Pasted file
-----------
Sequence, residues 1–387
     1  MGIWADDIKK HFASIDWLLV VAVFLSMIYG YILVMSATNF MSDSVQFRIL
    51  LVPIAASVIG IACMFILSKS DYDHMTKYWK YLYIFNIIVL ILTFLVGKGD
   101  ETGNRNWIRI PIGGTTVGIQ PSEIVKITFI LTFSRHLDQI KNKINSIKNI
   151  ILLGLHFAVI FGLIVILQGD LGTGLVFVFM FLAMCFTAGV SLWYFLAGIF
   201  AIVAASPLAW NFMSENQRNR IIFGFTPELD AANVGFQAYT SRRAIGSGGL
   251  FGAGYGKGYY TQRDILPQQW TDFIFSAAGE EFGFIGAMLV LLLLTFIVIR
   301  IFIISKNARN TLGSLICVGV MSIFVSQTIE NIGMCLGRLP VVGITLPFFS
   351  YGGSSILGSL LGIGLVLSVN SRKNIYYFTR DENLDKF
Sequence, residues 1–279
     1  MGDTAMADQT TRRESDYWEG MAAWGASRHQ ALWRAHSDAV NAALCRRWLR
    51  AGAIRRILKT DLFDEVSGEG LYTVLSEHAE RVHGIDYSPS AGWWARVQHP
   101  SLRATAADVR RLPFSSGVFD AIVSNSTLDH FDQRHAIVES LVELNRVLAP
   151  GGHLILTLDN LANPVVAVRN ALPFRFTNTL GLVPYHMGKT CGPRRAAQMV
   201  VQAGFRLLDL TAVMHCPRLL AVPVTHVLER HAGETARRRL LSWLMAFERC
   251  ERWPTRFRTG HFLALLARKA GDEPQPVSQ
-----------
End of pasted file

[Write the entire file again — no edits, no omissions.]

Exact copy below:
Sequence, residues 1–387
     1  MGIWADDIKK HFASIDWLLV VAVFLSMIYG YILVMSATNF MSDSVQFRIL
    51  LVPIAASVIG IACMFILSKS DYDHMTKYWK YLYIFNIIVL ILTFLVGKGD
   101  ETGNRNWIRI PIGGTTVGIQ PSEIVKITFI LTFSRHLDQI KNKINSIKNI
   151  ILLGLHFAVI FGLIVILQGD LGTGLVFVFM FLAMCFTAGV SLWYFLAGIF
   201  AIVAASPLAW NFMSENQRNR IIFGFTPELD AANVGFQAYT SRRAIGSGGL
   251  FGAGYGKGYY TQRDILPQQW TDFIFSAAGE EFGFIGAMLV LLLLTFIVIR
   301  IFIISKNARN TLGSLICVGV MSIFVSQTIE NIGMCLGRLP VVGITLPFFS
   351  YGGSSILGSL LGIGLVLSVN SRKNIYYFTR DENLDKF
Sequence, residues 1–279
     1  MGDTAMADQT TRRESDYWEG MAAWGASRHQ ALWRAHSDAV NAALCRRWLR
    51  AGAIRRILKT DLFDEVSGEG LYTVLSEHAE RVHGIDYSPS AGWWARVQHP
   101  SLRATAADVR RLPFSSGVFD AIVSNSTLDH FDQRHAIVES LVELNRVLAP
   151  GGHLILTLDN LANPVVAVRN ALPFRFTNTL GLVPYHMGKT CGPRRAAQMV
   201  VQAGFRLLDL TAVMHCPRLL AVPVTHVLER HAGETARRRL LSWLMAFERC
   251  ERWPTRFRTG HFLALLARKA GDEPQPVSQ